4 439 Ind. Eng. Che. Res., Vol. 38, No. 11, Scree Test on Residual Percent Variance. The Scree test on RPV 17,18 is an epirical procedure to select the nuber of PCs using the RPV as a basis. The ethod looks for a knee point in the residual percent variance plotted against the nuber of principal coponents. The ethod is based on the idea that the residual variance should reach a steady state when the factors begin to account for rando errors. When a break point is found or when the plot stabilizes, that point corresponds to the nuber of principal coponents to represent the process. The RPV uses only the residual eigenvalues to do the calculations: λ j RPV(l) ) 100[ λ j j)1 ]% (18) The ipleentation of this ethod is relatively easy, but in soe cases it is difficult to find a knee if the curve decreases soothly. This point is observed in section 5.3 of the paper using the incineration process data Average Eigenvalue. The average eigenvalue approach 19 is a soewhat popular criterion to choose the nuber of PCs. This criterion accepts all eigenvalues with values above the average eigenvalue and rejects those below the average. The reason is that a PC contributing less than an average variable is insignificant. For covariancebased PCA, the average eigenvalue is 1 / trace(s), and for correlationbased PCA the average eigenvalue 1 / trace(r), which is 1. Then all the eigenvalues above 1 will be selected as the principal eigenvalues to for the odel. Therefore, this criterion is also known as the eigenvalueone rule Paralle1 Analysis. The PA ethod basically builds PCA odels for two atrices: one is the original data atrix and the other is an uncorrelated data atrix with the sae size as the original atrix. This ethod was developed originally by Horn 6 to enhance the perforance of the Scree test. When the eigenvalues for each atrix are plotted in the sae figure, all the values above the intersection represent the process inforation and the values under the intersection are considered noise. Because of this intersection, the parallel analysis ethod is not abiguous in the selection of the nuber of PCs. For a large nuber of saples, the eigenvalues for a correlation atrix of uncorrelated variables are 1. In this case, the PA ethod is identical to the AE ethod. However, when the saples are generated with a finite nuber of saples, the initial eigenvalues exceed 1, while the final eigenvalues are under 1. That is why Horn 6 suggested coparing the correlation atrix eigenvalues for uncorrelated variables with those of a real data atrix based on the sae saple size Autocorrelation. According to Shrager and Hendler, 1 it is possible to use an autocorrelation function to separate the noisy eigenvectors fro the sooth ones using either the score atrix or the loading atrix. A siple statistic for detecting noise is the autocorrelation function of order 1 for the PCA scores, N1 AC(l) ) t i,l t i+1,l (19) i)1 where N represents the nuber of saples. A value greater than +0.5 indicates soothness of the scores, while a value saller than 0.5 indicates that the coponent contains ainly noise and should not be included in the odel. 1 Two ajor drawbacks of this ethod are (1) this 0.5 threshold is soewhat arbitrary and () a large variance PC can have little autocorrelation. The second drawback is observed in the incineration data in section 5 of this paper Cross Validation Based on the R Ratio. Cross validation 3,7 is a popular statistical criterion to choose the nuber of factors in PCA. The basis of this ethod is to estiate the values of soe deleted data fro a odel and then copare these estiates with the actual values. Wold 3 proposes a crossvalidation ethod known as the R ratio. This ethod randoly divides the data set X into G groups. Then, for a starting value of l ) 1, a reduced data set is fored by deleting each group in turn and the paraeters in the odel are calculated fro the reduced data set. The predicted error su of suares (PRESS) is calculated fro the predicted and actual values of the deleted objects. In the eantie, the residual su of suares (RSS) the next coponent is extracted is calculated. A ratio, R(l) ) PRESS(l) RSS(l  1) (0) is then calculated starting with l ) 1,,  1. A value of the R ratio less than 1 indicates that the newly added coponent in the odel iproved the prediction and hence the calculation proceeds. A value of this ratio larger than 1 indicates that the new coponent does not iprove the prediction and hence should be deleted. Since the PCA odel calculation involves randoly deleted data, the NIPALS algorith is used which can handle issing values. The brief procedure for calculating the R ratio is suarized as follows. Refer to Wold 3 for the detailed procedure. (1) Scale the data X to zeroean (and unit variance for correlationbased PCA). Set l ) 1 and X 0 ) X. () Calculate: RSS(l  1) ) trace(x T l1 X l1 ) (3) Divide X l1 randoly into G groups. For all but one group calculate the lth PCA factor using the NIPALS algorith that handles issing values. After leaving out each group in turn. calculate PRESS(l) for all groups of data. (4) Calculate the R ratio using e 0. If R < 1, then calculate the lth PCA factor based on all data X l1, set X l ) X l1  t l p T l, set l :) l + 1, and return to step. If R g 1, terinate the progra Cross Validation Based on PRESS. In the R ratio ethod, the PRESS is calculated in a anner that X l1 ay be rerandoized after each increent of l. If a new PC results in a PRESS that is larger than the RSS without this PC, it is discarded. An alternative approach is to use PRESS alone to deterine the nuber of PCs. This procedure is related to Wold 3 and has been successfully used in practice. 8 The procedure to use PRESS to deterine the nuber of PCs is suarized as follows: (1) Scale the data X to zeroean (and unit variance for correlationbased PCA). Set l ) 1.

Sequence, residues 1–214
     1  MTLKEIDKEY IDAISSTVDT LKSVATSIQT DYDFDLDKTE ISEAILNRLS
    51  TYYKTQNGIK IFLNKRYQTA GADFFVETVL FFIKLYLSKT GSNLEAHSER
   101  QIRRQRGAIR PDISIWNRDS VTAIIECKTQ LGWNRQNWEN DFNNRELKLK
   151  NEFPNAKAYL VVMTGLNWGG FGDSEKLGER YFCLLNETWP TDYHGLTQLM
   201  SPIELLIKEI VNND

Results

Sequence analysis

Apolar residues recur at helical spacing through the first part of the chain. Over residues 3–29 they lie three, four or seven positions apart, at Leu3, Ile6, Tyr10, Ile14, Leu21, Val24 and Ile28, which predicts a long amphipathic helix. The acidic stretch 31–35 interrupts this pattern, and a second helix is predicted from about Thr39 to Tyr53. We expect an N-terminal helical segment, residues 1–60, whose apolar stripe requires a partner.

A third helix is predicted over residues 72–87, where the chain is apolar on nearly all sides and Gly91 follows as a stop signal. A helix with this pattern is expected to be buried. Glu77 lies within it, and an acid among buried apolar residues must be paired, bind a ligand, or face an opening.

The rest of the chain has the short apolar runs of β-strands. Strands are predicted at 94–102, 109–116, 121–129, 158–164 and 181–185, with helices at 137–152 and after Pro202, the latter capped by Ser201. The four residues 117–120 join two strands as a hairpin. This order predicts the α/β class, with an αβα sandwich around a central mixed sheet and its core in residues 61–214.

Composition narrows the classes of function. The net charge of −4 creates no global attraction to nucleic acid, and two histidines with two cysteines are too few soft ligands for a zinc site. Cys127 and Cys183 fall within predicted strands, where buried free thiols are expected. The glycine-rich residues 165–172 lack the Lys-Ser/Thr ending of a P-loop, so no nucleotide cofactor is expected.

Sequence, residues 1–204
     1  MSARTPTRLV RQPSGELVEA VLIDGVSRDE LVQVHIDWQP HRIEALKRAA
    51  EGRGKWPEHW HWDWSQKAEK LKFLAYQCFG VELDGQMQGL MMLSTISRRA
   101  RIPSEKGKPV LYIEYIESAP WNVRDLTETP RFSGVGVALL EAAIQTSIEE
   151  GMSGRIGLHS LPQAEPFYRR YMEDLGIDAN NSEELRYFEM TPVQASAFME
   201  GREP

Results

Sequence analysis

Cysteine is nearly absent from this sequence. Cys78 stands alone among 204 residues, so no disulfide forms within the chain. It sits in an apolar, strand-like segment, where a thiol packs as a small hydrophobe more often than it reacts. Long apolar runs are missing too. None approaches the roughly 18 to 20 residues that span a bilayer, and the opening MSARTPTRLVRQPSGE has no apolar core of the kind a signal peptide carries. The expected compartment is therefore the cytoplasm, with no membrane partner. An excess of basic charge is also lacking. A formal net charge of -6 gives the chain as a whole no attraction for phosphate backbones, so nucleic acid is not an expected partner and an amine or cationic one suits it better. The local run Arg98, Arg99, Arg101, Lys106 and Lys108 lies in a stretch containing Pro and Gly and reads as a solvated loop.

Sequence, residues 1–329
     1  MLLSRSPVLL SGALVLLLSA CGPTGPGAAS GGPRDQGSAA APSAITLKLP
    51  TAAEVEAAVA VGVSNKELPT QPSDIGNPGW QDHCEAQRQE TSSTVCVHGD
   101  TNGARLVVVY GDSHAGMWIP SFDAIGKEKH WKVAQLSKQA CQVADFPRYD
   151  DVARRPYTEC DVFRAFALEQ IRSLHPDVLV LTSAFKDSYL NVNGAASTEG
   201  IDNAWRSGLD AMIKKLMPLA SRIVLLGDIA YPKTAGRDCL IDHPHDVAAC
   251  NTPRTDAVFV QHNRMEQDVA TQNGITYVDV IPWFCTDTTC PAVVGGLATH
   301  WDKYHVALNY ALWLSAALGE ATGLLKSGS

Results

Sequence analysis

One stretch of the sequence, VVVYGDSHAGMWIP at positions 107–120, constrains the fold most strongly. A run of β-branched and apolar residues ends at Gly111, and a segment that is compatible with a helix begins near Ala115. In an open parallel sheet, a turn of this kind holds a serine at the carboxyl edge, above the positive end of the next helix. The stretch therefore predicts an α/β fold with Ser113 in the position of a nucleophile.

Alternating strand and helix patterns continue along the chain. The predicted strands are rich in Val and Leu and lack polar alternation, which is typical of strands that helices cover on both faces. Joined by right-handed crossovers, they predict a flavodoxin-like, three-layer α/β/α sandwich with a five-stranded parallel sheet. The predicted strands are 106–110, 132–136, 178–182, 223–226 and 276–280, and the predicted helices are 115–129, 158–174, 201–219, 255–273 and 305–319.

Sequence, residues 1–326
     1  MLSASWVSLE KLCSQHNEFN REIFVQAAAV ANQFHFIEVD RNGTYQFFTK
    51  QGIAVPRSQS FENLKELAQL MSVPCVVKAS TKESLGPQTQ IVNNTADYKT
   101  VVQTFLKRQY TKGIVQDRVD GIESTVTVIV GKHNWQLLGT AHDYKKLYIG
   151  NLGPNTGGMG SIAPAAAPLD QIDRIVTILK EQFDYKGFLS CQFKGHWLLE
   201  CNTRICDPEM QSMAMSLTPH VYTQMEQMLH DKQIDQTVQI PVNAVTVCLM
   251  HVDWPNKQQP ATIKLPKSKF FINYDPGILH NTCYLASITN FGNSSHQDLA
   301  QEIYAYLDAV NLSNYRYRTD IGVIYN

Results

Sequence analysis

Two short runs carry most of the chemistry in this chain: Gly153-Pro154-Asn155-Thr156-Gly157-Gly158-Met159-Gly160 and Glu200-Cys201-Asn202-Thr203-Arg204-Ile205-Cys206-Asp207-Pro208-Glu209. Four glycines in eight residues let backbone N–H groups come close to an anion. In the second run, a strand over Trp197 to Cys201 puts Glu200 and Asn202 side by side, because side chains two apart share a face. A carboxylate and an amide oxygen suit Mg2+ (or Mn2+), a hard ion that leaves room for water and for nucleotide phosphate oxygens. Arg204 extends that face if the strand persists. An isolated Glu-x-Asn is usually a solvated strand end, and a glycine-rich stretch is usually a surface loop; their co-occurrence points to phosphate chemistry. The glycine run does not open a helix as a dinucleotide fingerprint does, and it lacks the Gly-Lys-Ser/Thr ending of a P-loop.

5 Ind. Eng. Che. Res., Vol. 38, No. 11, () Divide X randoly into G groups. For all but one group calculate all PCA factors using the NIPALS algorith that handles issing values. After leaving out each group in turn, calculate PRESS(l) for all groups of data. (3) A iniu in PRESS(l) corresponds to the best nuber of PCs to choose. Note that the nuber of PCs calculated in this procedure can be different fro that in the ethod of the R ratio. 4. Variance of the Reconstruction Error Criterion The variance of the reconstruction error ethod was developed by Qin and Dunia 9 to select the nuber of principal coponents based on the best reconstruction of the variables. An iportant characteristic of this approach is that the VRE index has a iniu, corresponding to the best reconstruction. When the PCA odel is used to reconstruct issing values or faulty sensors, the reconstruction error is a function of the nuber of PCs. The iniu found in the VRE calculation directly deterines the nuber of PCs. This is because the VRE is decoposed in two subspaces: the principal coponents subspace and a residual subspace. The portion in PCS has a tendency to increase with the nuber of PCs, and that in the RS has a tendency to decrease, resulting in a iniu in VRE. Qin and Dunia 9 consider that the sensor easureent is corrupted with a fault along a direction ξ i, where x* is the noral portion, f the fault agnitude, and ξ i ) 1. For sensor faults, ξ i corresponds to the ith colun of an identity atrix. For process faults, ξ i can be an arbitrary vector with unit nor. The reconstruction of the fault is given by correction along the fault direction, that is, so that x i is ost consistent with the PCA odel. The difference x*  x i is known as the reconstruction error. Qin and Dunia 9 define the variance of the reconstruction error as where x ) x* + fξ i x i ) x  f i ξ i u i var{ξ T i (x  x i )} ) ξ i T Rξ i (1) (ξ i T ξ i) ξ i ) (I  PP T )ξ i ) P P Tξ i () The proble to find the nuber of PCs is to iniize u i with respect to the nuber of PCs. Considering all possible faults, the VRE to be iniized is defined as u i VRE(l) ) ) (3) i)1var{ξ T i x} i)1ξ T i Rξ i The variancebased weighting factors are necessary to eualize the iportance of each variable. Note that the u i Figure 1. Reaction network for the batch reactor. above derivation is for a correlationbased PCA sincethe correlation atrix R is used. For a covariancebased PCA, one can siply replace with S the covariance atrix. The VRE procedure for selecting the nuber of PCs can be suarized as follows: (1) Build a PCA odel using noral data fro all variables. () Reconstruct each variable using other variables and calculate the VRE, u i. (3) The total VRE is calculated using e 3. (4) The nuber of PCs that gives the iniu VRE is selected, which corresponds to the best reconstruction. For a particular variable or fault direction ξ i,itis possible that u i g var{ξ T x}, which eans the odel gives a worse prediction than the ean of the data. In this case, the variable has little correlation with others and should be dropped fro the odel. Therefore, the VRE can be used to achieve the following objectives: (1) deterine the nuber of PCs by leaving out variables; () select variables that can be reliably reconstructed fro the odel; (3) siultaneously leave out a group of variables; and (4) include a particular fault or disturbance direction in selecting the nuber of PCs for the purpose of fault or disturbance detection VRE versus PRESS. Like PRESS, the VRE ethod works for both a correlationbased PCA and covariancebased PCA. Another siilarity between VRE and PRESS is that they do not reuire any fault to occur; they just need to leave out a portion of the data and reconstruct the fro the odels. Furtherore, the issing value treatent in the NIPALS algorith is euivalent to the fault reconstruction as shown in Dunia et al. 11 However, the VRE and PRESS ethods are different in the following ways: (1) The VRE ethod can include process faults with arbitrary direction ξ i to ephasize particular process faults or disturbances, while PRESS cannot. () If each sensor direction (ξ i ) is used once and only once, the VRE ethod is siilar to cross validation by leaving sensors out, while the PRESS leaves saples out randoly. (3) In PRESS, as any as G odels are built in the presence of issing values, while VRE builds one PCA odel only based on all available data. (4) In the VRE ethod, it is possible to check if a group of data can be reliably reconstructed, while the PRESS ethod fails to do this rigorously. (5) The VRE ethod is also suitable for recursive online calculation, as shown in Li et al Consistency of the VRE Method. Wax and Kailath 1 show that the MDL approach gives a consistent estiate of the nuber of PCs, while the AIC ethod